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BOP Cancels Solicitation of Proposal for Single-Faith Program

On October 26, 2006, the federal Bureau of Prisons (BOP) announced that it was canceling its solicitation of proposals for single-faith, faith-based residential re-entry programs. The move came after a lawsuit was filed by the Madison, Wisconsin-based Freedom From Religion Foundation (FFRF), which is ?a national association of freethinkers, atheists and agnostics? founded in 1978 that works to keep church and state separate. The BOP already operates multi-faith re-entry programs and had planned to expand to include single-faith programs.

According to BOP spokeswoman Traci Billingsley, the single-faith program requirements will undergo major revisions and be re-announced. This came as a shock to Annie Laurie Gaylor, co-president of FFRF, who had been celebrating the cancellation of the single-faith program initiative.

?They are slow learners,? said Gaylor. ?Setting up single-faith programs is certainly not in the best interests of our secular government or of the prisoners. They were taking solicitations from vendors to go into five or six federal prisons with taxpayer funding. They said one might be Roman Catholic and one a Southern Baptist, for instance.?

?We apparently averted the denominational kind of thing, but we know what is going on will be Christian to the hilt,? Gaylor stated. ?Secular, practical education is the answer in our prisons, not proselytizing a captive audience of prisoners.?

FFRF filed the civil rights lawsuit in the U.S. District Court for the Western District of Wisconsin in May 2006. It challenged the constitutionality of both the single-faith and multi-faith programs. The lawsuit alleged that the federal Office of Management and Budget had created an atmosphere among the federal agencies to increase faith-based programming simply because they are faith-based. This allegedly extended to the BOP?s Life Connections Program (LCP), which was initiated by the Department of Justice?s Task Force for Faith-based and Community Initiatives.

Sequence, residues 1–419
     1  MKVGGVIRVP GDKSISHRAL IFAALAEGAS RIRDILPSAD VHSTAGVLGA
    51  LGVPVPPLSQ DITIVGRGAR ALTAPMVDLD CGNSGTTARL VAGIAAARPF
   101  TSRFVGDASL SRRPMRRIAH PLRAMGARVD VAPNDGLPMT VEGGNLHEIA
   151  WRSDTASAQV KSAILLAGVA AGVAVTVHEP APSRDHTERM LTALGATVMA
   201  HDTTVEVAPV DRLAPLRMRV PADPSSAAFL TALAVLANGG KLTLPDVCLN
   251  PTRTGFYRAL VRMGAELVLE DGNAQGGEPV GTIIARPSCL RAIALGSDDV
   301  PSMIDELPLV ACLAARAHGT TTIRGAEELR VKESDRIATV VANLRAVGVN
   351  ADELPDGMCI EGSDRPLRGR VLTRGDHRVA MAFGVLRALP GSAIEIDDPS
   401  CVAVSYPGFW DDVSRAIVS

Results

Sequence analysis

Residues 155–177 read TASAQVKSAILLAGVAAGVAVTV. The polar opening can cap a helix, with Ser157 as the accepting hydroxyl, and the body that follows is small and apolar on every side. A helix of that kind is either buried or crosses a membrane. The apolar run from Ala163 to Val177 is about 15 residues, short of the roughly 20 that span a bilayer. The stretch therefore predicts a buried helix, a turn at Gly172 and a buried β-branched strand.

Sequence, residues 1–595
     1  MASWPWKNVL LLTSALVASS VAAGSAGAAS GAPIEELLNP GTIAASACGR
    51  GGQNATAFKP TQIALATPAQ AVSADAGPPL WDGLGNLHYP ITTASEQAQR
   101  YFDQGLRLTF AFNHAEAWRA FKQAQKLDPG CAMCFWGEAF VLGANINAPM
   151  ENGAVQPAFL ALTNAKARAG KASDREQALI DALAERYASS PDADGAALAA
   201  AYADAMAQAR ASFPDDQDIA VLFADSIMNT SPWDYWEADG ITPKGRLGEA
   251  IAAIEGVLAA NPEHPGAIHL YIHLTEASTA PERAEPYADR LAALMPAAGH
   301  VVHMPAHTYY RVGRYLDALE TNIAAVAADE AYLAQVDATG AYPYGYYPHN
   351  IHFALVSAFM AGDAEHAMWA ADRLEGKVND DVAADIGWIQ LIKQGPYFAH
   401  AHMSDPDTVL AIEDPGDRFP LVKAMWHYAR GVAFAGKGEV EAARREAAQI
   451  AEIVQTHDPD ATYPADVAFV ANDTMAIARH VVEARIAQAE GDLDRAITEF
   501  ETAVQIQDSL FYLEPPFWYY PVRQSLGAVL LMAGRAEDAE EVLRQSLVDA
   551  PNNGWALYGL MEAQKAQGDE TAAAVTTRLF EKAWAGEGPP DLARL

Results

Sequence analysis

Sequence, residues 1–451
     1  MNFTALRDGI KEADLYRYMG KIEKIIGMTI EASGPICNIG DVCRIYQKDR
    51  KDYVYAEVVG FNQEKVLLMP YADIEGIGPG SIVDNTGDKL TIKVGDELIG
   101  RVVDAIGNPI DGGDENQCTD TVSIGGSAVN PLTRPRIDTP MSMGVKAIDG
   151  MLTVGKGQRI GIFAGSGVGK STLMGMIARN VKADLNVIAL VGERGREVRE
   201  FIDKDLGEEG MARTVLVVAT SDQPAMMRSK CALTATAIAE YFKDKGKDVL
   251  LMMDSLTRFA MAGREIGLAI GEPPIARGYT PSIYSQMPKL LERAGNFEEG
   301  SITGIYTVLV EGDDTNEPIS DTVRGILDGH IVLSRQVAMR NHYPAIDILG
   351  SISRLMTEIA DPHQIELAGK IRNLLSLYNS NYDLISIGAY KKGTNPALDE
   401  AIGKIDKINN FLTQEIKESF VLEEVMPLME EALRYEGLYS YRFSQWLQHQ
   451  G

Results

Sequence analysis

LCP, which has existed since at least 2003, has contracted with faith-based organizations for multi-faith re-entry programs in at least five BOP prisons, including the Federal Correctional Institution at Milan, Michigan; the U.S. Penitentiary at Leavenworth, Kansas; the Federal Medical Center in Carswell, Texas; the Federal Correctional Institution at Petersburg, Virginia; and the Federal Correctional Institution in Victorville, California.

The FFRF lawsuit sought to prevent funding for LCP and to remove religion as a substantial component of all federally-funded future programs. The parties agreed to a stipulated dismissal on November 7, 2006 after the BOP halted its solicitation for single-faith re-entry programs. See: Freedom of Religion Foundation, Inc. v. Gonzales, USDC WD WI, Case No. 06-C-0244-S.

Previously, in 2005, the FFRF filed suit challenging a Bible-based ?faith pod? program at the CCA-operated New Mexico Women?s Correctional Facility in Grants, New Mexico. That case is still pending.

Additional Sources:, Capital Times, FFRF press release

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Related legal case

Freedom of Religion Foundation, Inc. v. Gonzales